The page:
Taylor Kitsch stars in Battleship
Rihanna is standing on the deck of the U.S.S. Missouri in Oahu’s Pearl Harbor wearing fatigues and clucking like a chicken.
Yes, you read that right. Clucking. Like a chicken. “Bwawk, BWAWK!”
Certainly not what one might expect to see the pop superstar doing on the set of her first movie, one about a battle at sea with aliens to boot, but blame it on Battleship director Peter Berg’s style. This particular scene takes place at the beginning of the movie when Admiral Shane (Liam Neeson, absent today) is giving a speech on deck to some 500 extras. Rihanna, as tough-chick sailor Raikes, is supposed to be egging on two male sailors to go mess with one of the ranking officers, Hopper (Taylor Kitsch), but they’re balking, afraid of him. He has her repeat the line “Go mess with him!” over and over. The sailors refuse again.
“Now cluck like a chicken!” Berg hollers at her. “Again!” He instructs the soldiers to bait her back, and ad lib. He starts throwing them lines right and left. “What are you, Col. Sanders?” Rihanna starts to look mildly pissed, as her handlers watch, giggling, from the sidelines. Finally Berg gets the take he wants, and they break.
She stops to chat with the small group of reporters invited to spend the day on the set checking out advance footage and conducting interviews. Asks one: “Did you know you were going to cluck like a chicken when you came to set?”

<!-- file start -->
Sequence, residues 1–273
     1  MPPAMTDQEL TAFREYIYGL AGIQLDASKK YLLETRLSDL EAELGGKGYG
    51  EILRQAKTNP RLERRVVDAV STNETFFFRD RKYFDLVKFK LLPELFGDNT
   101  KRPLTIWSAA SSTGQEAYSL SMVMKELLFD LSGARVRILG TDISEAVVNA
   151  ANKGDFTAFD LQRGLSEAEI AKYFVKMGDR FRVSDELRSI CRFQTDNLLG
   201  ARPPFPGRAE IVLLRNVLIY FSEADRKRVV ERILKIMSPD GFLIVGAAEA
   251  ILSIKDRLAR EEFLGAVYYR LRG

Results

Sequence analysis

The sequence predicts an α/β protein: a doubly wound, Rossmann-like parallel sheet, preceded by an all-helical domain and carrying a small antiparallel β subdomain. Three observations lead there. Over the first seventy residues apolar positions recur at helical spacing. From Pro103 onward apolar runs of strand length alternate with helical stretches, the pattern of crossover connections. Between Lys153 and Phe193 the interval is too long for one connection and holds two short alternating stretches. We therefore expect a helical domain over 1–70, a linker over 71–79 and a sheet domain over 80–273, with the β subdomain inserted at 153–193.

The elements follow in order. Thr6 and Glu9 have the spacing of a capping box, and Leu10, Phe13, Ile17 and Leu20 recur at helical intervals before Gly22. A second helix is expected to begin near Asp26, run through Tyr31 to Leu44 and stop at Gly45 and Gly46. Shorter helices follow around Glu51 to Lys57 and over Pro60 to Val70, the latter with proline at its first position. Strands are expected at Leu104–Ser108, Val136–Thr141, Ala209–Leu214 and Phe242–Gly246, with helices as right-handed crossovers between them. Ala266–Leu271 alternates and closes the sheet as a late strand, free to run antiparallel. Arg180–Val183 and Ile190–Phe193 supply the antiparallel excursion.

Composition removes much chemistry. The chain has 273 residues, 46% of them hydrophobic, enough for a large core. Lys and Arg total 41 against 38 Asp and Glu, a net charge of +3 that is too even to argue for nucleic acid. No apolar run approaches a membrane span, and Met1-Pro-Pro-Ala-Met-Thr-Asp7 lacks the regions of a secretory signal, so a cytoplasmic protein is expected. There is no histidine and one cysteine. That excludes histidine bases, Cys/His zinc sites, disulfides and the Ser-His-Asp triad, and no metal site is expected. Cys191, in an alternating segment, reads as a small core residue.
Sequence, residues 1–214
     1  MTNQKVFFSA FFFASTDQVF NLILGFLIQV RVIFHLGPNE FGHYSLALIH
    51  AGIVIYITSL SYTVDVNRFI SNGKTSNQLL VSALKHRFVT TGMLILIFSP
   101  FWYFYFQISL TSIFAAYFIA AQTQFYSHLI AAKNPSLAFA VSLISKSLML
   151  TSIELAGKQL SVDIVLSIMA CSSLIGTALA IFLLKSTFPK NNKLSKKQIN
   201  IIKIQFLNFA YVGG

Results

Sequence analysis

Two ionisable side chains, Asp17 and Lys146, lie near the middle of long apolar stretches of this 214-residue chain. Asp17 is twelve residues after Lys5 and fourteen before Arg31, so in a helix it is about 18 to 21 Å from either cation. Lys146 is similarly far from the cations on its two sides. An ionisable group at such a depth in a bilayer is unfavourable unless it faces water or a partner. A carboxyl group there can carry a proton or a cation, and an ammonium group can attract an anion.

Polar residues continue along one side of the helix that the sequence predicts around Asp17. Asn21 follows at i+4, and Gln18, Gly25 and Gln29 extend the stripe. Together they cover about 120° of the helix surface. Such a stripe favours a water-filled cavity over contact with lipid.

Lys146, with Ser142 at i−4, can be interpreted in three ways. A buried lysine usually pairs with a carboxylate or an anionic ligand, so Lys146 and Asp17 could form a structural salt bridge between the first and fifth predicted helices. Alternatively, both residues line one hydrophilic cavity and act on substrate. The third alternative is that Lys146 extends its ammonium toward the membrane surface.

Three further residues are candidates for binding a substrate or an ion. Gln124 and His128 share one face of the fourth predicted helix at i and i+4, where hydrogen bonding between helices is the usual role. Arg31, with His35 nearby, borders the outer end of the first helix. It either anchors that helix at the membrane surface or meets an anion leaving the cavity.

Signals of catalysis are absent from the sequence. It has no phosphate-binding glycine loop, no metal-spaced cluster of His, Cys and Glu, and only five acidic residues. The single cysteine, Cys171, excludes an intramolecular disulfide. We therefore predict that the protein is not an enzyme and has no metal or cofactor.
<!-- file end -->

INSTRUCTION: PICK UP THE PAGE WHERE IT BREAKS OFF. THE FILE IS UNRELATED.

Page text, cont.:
“No! [Peter Berg] is crazy,” she says, but with a laugh--she doesn’t seem to mind. “It makes it so fun, so spontaneous, nothing is memorized. It’s a real reaction every time. I couldn’t ask for a better director to work with on my first film. ” In her lilting accent, the Barbadian songstress turned actress goes on to describe how she became involved in the project—for someone already steeped in showbiz, she seems charmingly if incongruously wide-eyed about being here.
“It was weird how it happened; I walked into a meeting without my manager, which I don’t usually do. [Peter] just said hi, come in. I walked in and saw all these aliens and dolls and mockups. I was like, okayyyy….why are there pictures of aliens all over this room? I didn’t even know he was the director of this movie! It was a role I felt like I could handle for my first time acting and he was super enthusiastic about it.” Berg handpicked a real-life Gunner’s Mate to show Rihanna the ropes, from the lingo to the weapons--a woman he noticed for the punk rock T-shirt she wore as the only woman playing soccer on one of the Navy teams during RIMPAC (Rim of the Pacific Exercise) in 2010.
As Raikes, who works in the combat information center aboard the destroyer and gets to fire weapons like the boys, she’s pretty much your basic badass (and the fatigues don't hide all of her real-life tattoos). Prepping for the role involved working out just like a sailor would in the Navy—runs around the ship, weightlifting, swimming—and taking orders. “One man drilled me, yelled at me, cursed me out, made me do pushups…my best friend was there and I told her, ‘I’m about to do acting class, you’re gonna want to kill this man but please, just stay in the other room.’ She would come in and just look around and be like, ‘Did he just say F.U. to her?’” She laughs. “It got you really in the mentality, that’s the stuff that they go through; it’s not a walk in the park.” Her reaction? “I wanted to say F. U. right back but he probably would have thrown me through the window! I was so scared, I just looked at him like, I swear I’ll get it right, I’ll be good!”